Alcoholism is a disease that affects the entire family. Often, spouses of alcoholics feel isolated and alone. They don’t know how to reach out to their loved one or how to motivate them to get the help they need.
In the end, we all know that an alcoholic cannot recover if he or she is not willing to take those first steps. However, we also know that recovery is more likely with a strong and healthy support system.
Just as honesty is the first step in battling alcoholism; it is also the first step in helping alcoholics realize that they have problems. Loved ones often try to hide the truth from themselves and others. This denial can only cause the problem to become more severe. A spouse must face the facts that alcoholism is a life-altering disease that can be confronted and overcome.
The fact that alcoholism is a true disease is difficult to understand for those who are not affected by it. Addicts crave the substance they are addicted to just as others crave air or water. Most alcoholics want to stop, but many do not know how.
One of the most important things that spouses must remember is to recognize the disease without blaming the alcoholic him- or herself. When faced with alcoholism, laying blame is rarely effective and can only add more stress to the marriage.
Both the alcoholic and his or her family need professional counseling in order to cope with and overcome the disease. However, many alcoholics are reluctant to enter into counseling.
Even once they are able to admit that they have a problem, they often believe that they can stop drinking on their own without outside intervention. This is seldom a successful venture. Spouses can help by remaining calm and sharing information about the benefits of counseling.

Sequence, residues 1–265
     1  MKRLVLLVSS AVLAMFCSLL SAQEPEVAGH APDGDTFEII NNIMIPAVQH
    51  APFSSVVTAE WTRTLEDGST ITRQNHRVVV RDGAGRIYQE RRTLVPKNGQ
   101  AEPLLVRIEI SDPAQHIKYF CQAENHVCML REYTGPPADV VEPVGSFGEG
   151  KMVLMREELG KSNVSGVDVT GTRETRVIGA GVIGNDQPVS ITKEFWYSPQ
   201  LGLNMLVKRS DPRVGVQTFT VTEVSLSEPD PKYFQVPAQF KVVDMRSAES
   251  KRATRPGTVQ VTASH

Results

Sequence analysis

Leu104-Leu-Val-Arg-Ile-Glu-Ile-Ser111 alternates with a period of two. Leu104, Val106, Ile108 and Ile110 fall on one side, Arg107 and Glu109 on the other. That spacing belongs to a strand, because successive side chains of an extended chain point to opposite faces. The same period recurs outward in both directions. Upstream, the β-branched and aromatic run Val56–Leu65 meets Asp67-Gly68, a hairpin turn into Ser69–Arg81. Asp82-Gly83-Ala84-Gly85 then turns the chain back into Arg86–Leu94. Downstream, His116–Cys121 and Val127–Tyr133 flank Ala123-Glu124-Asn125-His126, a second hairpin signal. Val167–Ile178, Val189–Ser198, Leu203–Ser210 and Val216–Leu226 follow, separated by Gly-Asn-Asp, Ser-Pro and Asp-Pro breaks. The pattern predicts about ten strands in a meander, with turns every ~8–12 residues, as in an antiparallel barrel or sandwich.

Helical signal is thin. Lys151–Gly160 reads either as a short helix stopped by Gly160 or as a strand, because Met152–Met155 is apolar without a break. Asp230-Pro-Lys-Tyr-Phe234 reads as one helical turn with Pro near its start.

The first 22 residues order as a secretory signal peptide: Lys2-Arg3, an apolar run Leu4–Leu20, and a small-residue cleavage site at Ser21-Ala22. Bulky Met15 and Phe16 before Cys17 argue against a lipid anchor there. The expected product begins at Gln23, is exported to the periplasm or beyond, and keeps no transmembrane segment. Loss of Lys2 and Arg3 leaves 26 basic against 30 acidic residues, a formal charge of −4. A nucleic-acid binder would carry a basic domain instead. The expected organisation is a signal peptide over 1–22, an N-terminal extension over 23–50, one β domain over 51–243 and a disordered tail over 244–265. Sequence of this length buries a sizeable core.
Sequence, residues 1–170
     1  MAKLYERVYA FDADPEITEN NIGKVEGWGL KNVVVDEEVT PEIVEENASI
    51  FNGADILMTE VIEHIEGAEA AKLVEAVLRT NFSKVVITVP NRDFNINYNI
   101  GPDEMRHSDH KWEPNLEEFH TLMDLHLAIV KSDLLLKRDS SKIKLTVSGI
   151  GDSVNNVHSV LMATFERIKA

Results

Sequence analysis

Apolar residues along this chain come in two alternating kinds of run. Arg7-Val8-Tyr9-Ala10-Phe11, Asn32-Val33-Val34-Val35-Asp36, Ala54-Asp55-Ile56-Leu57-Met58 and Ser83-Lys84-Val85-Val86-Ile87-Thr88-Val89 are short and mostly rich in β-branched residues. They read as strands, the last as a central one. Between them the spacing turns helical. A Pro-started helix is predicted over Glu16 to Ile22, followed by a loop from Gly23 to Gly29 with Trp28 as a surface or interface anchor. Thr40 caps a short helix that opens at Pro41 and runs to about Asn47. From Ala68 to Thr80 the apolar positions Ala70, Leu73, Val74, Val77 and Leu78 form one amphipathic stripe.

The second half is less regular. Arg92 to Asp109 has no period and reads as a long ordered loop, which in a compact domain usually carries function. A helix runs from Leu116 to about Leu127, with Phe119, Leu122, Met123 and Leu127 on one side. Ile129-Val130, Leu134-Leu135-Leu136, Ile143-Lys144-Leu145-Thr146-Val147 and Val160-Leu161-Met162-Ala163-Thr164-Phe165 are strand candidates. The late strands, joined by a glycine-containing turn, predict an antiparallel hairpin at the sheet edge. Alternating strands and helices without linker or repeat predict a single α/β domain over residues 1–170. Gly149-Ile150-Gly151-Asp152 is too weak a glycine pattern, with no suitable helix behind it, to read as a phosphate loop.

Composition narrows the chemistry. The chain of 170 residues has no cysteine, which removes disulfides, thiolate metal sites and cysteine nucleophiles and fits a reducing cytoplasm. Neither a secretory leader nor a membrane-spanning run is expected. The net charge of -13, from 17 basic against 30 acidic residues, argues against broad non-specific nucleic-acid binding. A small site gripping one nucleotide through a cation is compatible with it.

Gather statistics about success rates of counseling. Be prepared to answer any questions that come up, such as the cost of counseling, whether insurance covers the fees, and what kind of time commitment the family can expect.
Life Goes On
Spouses of alcoholics often feel as though their lives are meant only to serve the well-being of the sufferer. As a spouse, one must realize that the marriage cannot be healthy if both members are completely encompassed by the alcoholism. Spouses should take time for themselves to enjoy life outside of alcohol and treatments.
Some find that doing things together, like taking classes or enjoying sports, are an excellent way to reconnect. Others believe that time apart is healthier for their relationship. One or two evenings each week can be devoted to getting a massage or working out. If possible, trying to spend time together and apart can be greatly beneficial.
In the end, it is true that the alcoholic cannot receive help until he or she is ready. Meanwhile, it is vital for spouses of alcoholics to remember that they are not to blame for this terrible disease.
They need to be there for their significant other, offering support and encouragement, but they also need to be there for themselves. While it can feel like an unfortunate burden, it is often up to the healthy party in the relationship to provide the stability needed to keep the marriage strong.